It's not a monster. It's a lion.
You know, one of the things I love about FFVIII is that it actually explains where monsters come from. In most RPGs, it's just an accepted fact of life that once you're outside of a town, you're going to get mauled by monsters, but you never actually hear anything about how that ecosystem got there in the first place. Let alone where all the animals are. Like, you can't expect me to believe that people eat chocobos. They have to have chickens somewhere, right? Or is behemoth steak and cactuar stew all that's on the menu?
I ask the important questions on this website.
In any case, lions exist in some shape or form in FFVIII, even if we never see them outside of Squall's pendant. Maybe they went extinct after the Lunar Cry, or maybe they're mythical beasts. Seriously, this is the kind of thing I've always wondered about RPGs. Where the hell are all the animals. (I wonder this about Pokémon too, to be fair.)
Right, so, Squall. The whole end of Disc Two is treated in-universe like they're heading for the final boss fight, which is hilarious considering it's disc two of four. Clearly no one sent them the memo. The battle is chaotic, to say the least, but that's what you get when the other side decides to launch soldiers on motorcyles at you. (I will never get over that. Seriously, what the hell?) There's also the part where Rinoa magically holds onto the side of Garden for like half an hour, but Squall's shining moment is his speech.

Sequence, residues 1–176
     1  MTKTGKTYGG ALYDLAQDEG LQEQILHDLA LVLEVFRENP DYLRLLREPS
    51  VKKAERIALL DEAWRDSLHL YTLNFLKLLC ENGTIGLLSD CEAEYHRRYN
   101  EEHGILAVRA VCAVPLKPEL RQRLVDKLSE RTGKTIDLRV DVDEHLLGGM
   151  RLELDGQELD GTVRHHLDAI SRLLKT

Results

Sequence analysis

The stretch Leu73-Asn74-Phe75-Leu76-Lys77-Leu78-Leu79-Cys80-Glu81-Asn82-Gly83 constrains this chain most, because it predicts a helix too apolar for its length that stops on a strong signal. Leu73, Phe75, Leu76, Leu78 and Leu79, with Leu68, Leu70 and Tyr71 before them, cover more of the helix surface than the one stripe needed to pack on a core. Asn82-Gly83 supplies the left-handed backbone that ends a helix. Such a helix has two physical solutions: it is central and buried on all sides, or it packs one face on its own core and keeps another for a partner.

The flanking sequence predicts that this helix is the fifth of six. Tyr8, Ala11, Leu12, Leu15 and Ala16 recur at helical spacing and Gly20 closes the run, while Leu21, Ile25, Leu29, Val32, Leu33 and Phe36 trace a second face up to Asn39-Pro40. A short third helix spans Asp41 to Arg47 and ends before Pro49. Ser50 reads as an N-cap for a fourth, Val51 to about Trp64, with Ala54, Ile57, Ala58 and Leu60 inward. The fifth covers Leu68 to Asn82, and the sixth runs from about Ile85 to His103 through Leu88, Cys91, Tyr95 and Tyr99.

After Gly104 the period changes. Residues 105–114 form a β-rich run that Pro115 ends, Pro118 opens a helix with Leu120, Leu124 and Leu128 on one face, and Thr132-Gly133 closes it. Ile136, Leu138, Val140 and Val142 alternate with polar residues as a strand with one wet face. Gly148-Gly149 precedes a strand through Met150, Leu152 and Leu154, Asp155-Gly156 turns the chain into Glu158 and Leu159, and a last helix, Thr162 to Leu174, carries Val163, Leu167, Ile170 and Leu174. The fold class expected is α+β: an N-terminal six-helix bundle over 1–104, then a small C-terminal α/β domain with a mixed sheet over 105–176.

Is this really Squall? Our Squall? Squall "go talk to a wall" Leonhart? Yes, yes it is. He's already grown a lot through the game, and we've still got a good ways to go. I think it's very important to note that while Squall can give a speech like this to the entire school, that doesn't mean he's anywhere near ready to say the same kinds of things one-on-one. Like I said above, this whole part is written like a final dungeon/boss battle sequence despite the fact that we're only on disc two, and Squall's got the energy to go with it. He thinks that he's making the final push, and he's doing his duty as a leader. That's still very different from being a friend.
This is no more obvious than when he tells Rinoa about his ring.
Griever is more than a symbol: it's an ideal for Squall to live up to. He doesn't actually believe he has all that strength and pride. He still sees himself as that kid in the rain, waiting for Sis to come back. Griever is everything he’s striven towards — to be able to survive alone, to not need anyone else, to not lose.
And here he’s about to face down the sorceress, and he needs that strength. He wants to be a lion. But still, he doubts in himself. He’s already seen that he can’t do this alone. Strength and pride aren’t enough.
Would it be so bad to have someone else with him?
Squall clearly isn’t sure what to think about the fact that everyone is pushing him and Rinoa together, but he doesn’t protest the idea that she could become like a lion too. Slowly but surely, he’s opening up to her, and through something that means the world to him, no less: Griever.